People love to hate consultants. Not as much as they love to hate lawyers, but consulting’s a younger profession.
The animosity’s not terribly surprising, given that consultants are such easy targets. Cases in point:
They wear Dockers like they’re this year’s fashion statement. Their 100-slide sales presentations turn your conference table into a see-saw when slapped down. We have them to thank for incentivize and other nonexistent words. They come. They spiel. They charge. (Nothing changes.) They leave.
I jest, but these behaviors are real, even if exhibited by only a minority of consultants. And they’re
met by equally matched dysfunction on the company side:
Bringing in consultants as the voice of wisdom because internal opinions aren’t valued or aren’t spoken for fear of repercussions. Paying consultants for their advice and then not heeding it (or not paying for it and angling to get it). Considering consultants to have the answers, not just some of the answers.
Loathing and stereotypes aside, companies will continue hiring consultants because there are times
when bringing them in makes sense—if your company has limited resources or a compressed time frame, or needs particular expertise, for example. To avoid all of this unhealthy finger-pointing, I’m staging an intervention and equipping you with the must-knows to be savvy consultant consumers:
Know why you’re bringing one in. If you’re clear from the get-go what the need is, you’ll
be better equipped to scope what you’re buying. A familiar complaint leveled against consultants is that they stretch projects, growing their fees by expanding the services they’re providing. There can be legitimate reasons for this, as an experienced consultant sheds light on factors you haven’t considered. Even so, as the buyer you must identify the need and the budget and express them clearly. Then find the Saturns of the consultant world and deal with those who’ll outline what they’re delivering, for how much, and what they’re prepared to stand behind. Otherwise, scoping projects becomes a game with each side withholding information or trying to outsmart the other.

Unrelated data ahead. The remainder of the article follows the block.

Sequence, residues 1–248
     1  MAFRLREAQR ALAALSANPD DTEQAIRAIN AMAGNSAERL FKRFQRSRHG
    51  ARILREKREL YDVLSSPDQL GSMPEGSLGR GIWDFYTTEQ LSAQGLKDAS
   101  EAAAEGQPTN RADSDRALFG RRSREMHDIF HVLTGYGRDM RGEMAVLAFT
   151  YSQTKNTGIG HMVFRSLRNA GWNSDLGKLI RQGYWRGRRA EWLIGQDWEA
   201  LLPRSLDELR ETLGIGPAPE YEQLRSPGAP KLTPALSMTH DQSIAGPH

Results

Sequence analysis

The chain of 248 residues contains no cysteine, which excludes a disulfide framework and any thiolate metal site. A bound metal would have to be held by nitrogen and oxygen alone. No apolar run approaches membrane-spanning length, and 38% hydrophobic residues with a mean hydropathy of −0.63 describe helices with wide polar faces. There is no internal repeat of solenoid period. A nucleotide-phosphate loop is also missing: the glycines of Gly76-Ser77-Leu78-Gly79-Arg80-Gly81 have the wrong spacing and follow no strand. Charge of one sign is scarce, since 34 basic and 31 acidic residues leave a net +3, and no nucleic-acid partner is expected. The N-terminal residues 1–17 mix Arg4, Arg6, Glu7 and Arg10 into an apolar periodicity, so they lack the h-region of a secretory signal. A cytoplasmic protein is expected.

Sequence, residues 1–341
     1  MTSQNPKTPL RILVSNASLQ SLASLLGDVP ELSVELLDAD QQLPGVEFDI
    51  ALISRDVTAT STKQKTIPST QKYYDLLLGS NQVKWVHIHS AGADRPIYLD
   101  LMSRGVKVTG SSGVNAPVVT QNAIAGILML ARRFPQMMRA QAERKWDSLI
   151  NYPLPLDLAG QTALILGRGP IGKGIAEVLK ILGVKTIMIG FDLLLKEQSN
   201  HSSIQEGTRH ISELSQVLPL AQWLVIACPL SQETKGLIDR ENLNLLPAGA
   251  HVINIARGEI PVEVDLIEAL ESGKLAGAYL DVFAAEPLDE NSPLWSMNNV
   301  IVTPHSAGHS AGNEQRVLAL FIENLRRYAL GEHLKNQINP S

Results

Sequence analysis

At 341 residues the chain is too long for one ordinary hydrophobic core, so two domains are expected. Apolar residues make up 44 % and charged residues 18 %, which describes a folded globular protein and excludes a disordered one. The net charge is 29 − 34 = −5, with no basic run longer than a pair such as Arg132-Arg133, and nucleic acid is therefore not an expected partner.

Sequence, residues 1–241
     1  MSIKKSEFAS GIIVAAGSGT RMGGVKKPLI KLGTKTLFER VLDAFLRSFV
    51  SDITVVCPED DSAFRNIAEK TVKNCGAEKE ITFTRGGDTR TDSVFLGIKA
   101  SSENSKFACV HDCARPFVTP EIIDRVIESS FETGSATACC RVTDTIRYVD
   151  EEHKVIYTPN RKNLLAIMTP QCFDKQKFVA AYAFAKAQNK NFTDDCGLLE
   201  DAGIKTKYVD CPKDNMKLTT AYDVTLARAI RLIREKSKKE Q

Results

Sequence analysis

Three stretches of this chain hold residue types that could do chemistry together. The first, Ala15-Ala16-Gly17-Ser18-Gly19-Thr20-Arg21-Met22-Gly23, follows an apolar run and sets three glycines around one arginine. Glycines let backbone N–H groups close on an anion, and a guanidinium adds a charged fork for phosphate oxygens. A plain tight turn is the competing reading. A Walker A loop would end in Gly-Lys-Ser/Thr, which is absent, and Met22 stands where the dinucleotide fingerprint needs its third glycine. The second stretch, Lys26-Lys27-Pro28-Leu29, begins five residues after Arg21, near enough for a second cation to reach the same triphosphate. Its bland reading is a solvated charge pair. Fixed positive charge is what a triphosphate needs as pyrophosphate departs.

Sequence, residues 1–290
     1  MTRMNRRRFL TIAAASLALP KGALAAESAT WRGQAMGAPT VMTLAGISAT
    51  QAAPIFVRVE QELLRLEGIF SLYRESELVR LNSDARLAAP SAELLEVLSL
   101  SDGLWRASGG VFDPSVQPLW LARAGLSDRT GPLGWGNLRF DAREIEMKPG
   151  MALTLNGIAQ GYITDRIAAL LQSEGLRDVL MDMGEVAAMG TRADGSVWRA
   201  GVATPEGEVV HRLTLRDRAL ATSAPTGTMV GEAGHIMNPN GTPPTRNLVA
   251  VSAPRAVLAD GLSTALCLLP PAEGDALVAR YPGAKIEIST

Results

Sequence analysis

Remember: Cheapest is not the best selection criteria. When you select a consultant based on price
tag alone, you’re doing yourself a real disservice. Cheap is different from competitive, and cheap cheats you. Cheap doesn’t account for an investment in understanding the company’s culture, goals, and inner workings. Cheap doesn’t account for quality. And cheap certainly doesn’t register a willingness to listen, customize, tweak, and respond versus provide cookie-cutter “this worked elsewhere” advice.
Don’t fall into the star-struck or passive observer camp. You may bring in a consultant because you lack expertise or need the perspective and wide-lens view that consultants have from working with multiple
clients. But being a “yes man” to a consultant simply because you believe he or she holds the answers neglects your team’s knowledge and understanding of the situation. Similarly, sitting on the sidelines and soaking up his or her buzzword acumen does little to expand your knowledge and address practicalities, like how’s this going to work in our real world? The best consultant-company teams collaborate, learning from one another and teasing out a
workable approach through conversation, disagreement, and resolution.
Measure the results. We’d all love an ace in the hole every time we implement something, but
reality is that initiatives require fine-tuning once they move from the design incubator—that is, your project team—to your employees. Yet companies are often wary of committing themselves and their dollars to measurement. No matter how you slice it, implementing is not accomplishing. As part of any consulting engagement, clearly identify what will be different and how you’re going to measure it, then earmark budget for the effort
and subsequent adjustments. Remember, ROI is the single best way to make yourself (and your consultant investment) look smart.
As HR professionals, you’re the buyer or entry point for most consulting engagements. You own the opportunity to get it right. These are my top-line thoughts for doing so with confidence. What
would you add?
Fran Melmed likes to write everything in lower case letters over on her other blog, free-range communication, because she finds it more aesthetically pleasing… but we took away that freedom from her on FOT because the consistency of capitilization on this blog is more aesthetically pleasing to the editor. Her blog is an offshoot of context communication consulting llc, which Fran founded to help organizations communicate better on workforce issues… imagine that. Organizations not doing a good job communicating around workforce issues…